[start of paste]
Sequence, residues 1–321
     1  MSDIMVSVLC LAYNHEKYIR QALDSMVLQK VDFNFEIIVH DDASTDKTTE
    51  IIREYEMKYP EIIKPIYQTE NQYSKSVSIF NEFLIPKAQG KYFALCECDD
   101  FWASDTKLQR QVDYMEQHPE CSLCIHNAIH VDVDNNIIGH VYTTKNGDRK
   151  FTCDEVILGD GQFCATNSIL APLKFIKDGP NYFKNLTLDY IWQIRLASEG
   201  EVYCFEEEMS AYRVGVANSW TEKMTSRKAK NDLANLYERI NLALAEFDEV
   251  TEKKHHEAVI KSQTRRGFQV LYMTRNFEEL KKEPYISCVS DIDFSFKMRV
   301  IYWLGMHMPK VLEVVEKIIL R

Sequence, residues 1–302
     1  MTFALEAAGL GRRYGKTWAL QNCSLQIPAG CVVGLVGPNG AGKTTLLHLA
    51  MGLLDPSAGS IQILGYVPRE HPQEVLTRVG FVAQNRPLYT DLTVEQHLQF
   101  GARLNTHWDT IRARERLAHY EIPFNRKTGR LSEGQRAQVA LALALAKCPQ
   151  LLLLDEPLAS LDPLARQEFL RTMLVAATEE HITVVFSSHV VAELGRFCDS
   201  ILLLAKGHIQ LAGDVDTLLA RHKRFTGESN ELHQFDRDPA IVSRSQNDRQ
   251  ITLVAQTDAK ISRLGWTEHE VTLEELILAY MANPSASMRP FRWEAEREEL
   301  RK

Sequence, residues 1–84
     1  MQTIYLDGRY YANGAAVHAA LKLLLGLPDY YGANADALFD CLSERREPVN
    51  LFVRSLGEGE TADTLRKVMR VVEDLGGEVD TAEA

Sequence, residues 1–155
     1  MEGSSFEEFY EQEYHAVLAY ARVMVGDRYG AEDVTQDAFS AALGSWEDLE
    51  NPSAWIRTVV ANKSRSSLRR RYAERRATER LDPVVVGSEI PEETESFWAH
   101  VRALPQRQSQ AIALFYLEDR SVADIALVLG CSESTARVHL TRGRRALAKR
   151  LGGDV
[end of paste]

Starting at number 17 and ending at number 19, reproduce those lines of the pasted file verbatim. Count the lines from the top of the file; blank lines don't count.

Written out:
Sequence, residues 1–84
     1  MQTIYLDGRY YANGAAVHAA LKLLLGLPDY YGANADALFD CLSERREPVN
    51  LFVRSLGEGE TADTLRKVMR VVEDLGGEVD TAEA